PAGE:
Devaluation of the doll or guy: beautiful mind & youthful spirit meets crinkly lips, sagging gut and stuttering gait. Welcome to fifty-something.

17 02 2011

Kissing is for old people too

While driving my 15 year old daughter to school this morning, she commented on my crinkly lips. She expounded about how nasty looking old people’ (like me, my girlfriend, her mother, her mothers boyfriend) mouths get. How utterly repulsive it was that people my age kissed each other. Yuck. They should just stop doing that at my age except maybe during special occasions like anniversaries. She didn’t say it with any particular malice in her voice. It was more stated like an obvious, unarguable fact.

Our society, though it espouses equality, values people disproportionately. “Old” people are certainly marginalized. Kids and teens are devalued as well. Unfortunately, in many venues, points are still deducted for gender and ethnicity too. Beyond the base measurements, people are sized up by weight, height, build and other physical characteristics. Is the person short, obese, ugly? Do they have pimples, curly hair, big nose, small chest? Do they dress well? What do they do for a living? How much money do they make? Where do they live? Who do they know?

All these facts are measured, assimilated, calculated and a final valuation is made. As if we were buyers and sellers at an expansive social bazaar. We make assessments about someone else’s value. Is that person worth my time and attention?

Gee, I think I am worth 1000 X. She’s probably worth about 500 X. I’ll avoid her. That other women looks like a 1500 X, if I capture her attention, I could boost my worth to 1100 X. And, if we dated, I might hit 1400 -1500 X. Like it or not, there are social economic axioms based upon unwritten but very real valuation schemas. All this is not new though.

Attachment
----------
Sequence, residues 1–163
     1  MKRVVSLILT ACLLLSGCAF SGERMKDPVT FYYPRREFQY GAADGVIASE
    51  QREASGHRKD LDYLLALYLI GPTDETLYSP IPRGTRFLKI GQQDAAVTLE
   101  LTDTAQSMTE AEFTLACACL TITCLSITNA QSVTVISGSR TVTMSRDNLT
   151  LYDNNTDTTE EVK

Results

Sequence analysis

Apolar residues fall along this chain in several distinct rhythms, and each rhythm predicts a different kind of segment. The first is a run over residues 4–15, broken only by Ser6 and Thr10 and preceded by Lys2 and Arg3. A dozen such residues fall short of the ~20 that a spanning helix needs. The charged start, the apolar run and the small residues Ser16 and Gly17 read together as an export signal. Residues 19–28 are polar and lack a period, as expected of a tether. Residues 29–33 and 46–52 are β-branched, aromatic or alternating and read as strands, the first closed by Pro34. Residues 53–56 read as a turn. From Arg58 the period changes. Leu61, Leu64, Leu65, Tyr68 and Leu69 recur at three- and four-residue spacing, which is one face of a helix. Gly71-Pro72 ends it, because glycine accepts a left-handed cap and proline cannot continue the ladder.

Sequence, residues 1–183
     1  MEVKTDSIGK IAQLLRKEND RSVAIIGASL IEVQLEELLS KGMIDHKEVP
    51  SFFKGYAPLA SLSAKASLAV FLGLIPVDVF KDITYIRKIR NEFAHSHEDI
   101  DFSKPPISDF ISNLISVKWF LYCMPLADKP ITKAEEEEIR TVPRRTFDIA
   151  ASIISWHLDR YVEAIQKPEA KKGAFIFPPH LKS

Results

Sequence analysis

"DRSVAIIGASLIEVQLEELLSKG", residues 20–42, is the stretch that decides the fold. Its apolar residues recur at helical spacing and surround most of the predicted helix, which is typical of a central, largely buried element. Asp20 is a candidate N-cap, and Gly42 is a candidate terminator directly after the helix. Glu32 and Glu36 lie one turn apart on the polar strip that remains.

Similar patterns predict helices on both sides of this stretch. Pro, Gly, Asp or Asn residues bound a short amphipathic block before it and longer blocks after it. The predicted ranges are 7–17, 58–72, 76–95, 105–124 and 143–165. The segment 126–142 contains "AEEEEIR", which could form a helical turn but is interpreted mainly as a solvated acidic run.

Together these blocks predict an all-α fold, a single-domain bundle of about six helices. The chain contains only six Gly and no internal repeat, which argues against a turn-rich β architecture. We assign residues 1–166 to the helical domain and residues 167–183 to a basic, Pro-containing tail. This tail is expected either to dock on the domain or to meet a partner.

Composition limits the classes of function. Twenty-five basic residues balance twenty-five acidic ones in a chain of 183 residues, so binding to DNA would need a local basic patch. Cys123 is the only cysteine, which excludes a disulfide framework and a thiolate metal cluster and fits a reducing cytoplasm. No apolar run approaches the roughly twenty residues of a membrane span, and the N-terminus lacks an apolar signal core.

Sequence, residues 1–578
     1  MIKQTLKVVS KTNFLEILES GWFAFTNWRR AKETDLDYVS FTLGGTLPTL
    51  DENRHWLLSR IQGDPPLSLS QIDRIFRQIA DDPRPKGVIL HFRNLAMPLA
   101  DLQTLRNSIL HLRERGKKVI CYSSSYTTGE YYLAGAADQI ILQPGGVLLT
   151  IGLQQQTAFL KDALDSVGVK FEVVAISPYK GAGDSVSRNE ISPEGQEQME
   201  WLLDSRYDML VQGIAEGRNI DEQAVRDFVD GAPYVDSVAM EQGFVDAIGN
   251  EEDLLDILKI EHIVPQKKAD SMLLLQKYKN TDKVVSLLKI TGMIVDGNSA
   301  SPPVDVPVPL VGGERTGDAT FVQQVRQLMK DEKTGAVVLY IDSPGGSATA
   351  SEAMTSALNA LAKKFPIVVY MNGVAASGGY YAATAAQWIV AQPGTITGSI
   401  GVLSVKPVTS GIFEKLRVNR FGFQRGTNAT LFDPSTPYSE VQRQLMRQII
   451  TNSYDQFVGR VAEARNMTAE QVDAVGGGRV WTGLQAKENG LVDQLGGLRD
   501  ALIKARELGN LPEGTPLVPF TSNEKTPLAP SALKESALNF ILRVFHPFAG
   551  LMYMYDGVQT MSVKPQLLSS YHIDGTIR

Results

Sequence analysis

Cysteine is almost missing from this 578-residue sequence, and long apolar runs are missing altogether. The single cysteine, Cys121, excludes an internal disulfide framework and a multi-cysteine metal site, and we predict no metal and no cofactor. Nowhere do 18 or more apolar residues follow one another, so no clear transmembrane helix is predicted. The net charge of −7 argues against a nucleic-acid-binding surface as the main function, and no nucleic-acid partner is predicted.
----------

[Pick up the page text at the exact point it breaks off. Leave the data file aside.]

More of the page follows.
Classic Product Valuation Model. Too Often People Become the Products

A cryptic passage from the old testament book of Leviticus, outlines one valuation model used, back in the day: “The Lord spoke to Moses, saying,
–the valuation of a male from twenty years old up to sixty years old shall be (50) fifty shekels of silver, according to the shekel of the sanctuary.
–If the person is a female, the valuation shall be (30) thirty shekels.
–If the person is from five years old up to twenty years old, the valuation shall be for a male (20) twenty shekels, and for a female (10) ten shekels.
–If the person is from a month old up to five years old, the valuation shall be for a male (5) five shekels of silver, and for a female the valuation shall be (3) three shekels of silver.
–And if the person is sixty years old or over, then the valuation for a male shall be (15) fifteen shekels, and for a female (10) ten shekels.

In ranked order then; Men and women in the workforce (age 20 to 60) were valued the highest- bringing 50 & 30 shekels respectively. One got 20 shekels for young boys, between ages 5 and 20. Retired men, over 60 brought 15 shekels. Young ladies and retired women were equally valued at 10 shekels. Little tykes were considered least valuable, bringing 5 shekels for the boys and 3 for the girls.

A 4,000 year old overt “biblical”? model of valuation compared to today’s “covert” socio-cultural model. Not a lot of real progress in societal consciousness. We all do it though. Even those of us who consider ourselves “enlightened”, open-minded, non-racist, humanistic. We make value judgements about others. We make value judgements about ourselves. We calculate our worth and worthiness based upon cultural standards and other peoples opinions. In addition, many of us wrestle against the weight of lingering childhood messages that we had little or no value. Or we only had value as it related to doing something or being someone FOR somebody else. We had little or no intrinsic worth.

Them be my sentiments

So, how many shekels am I worth? Upon what scales am I to be measured? What criteria am I using to value myself and others? Are the weights that I’m using accurate and true? Again, to reference scripture, Proverbs states, “The LORD abhors dishonest scales, but accurate weights are his delight.”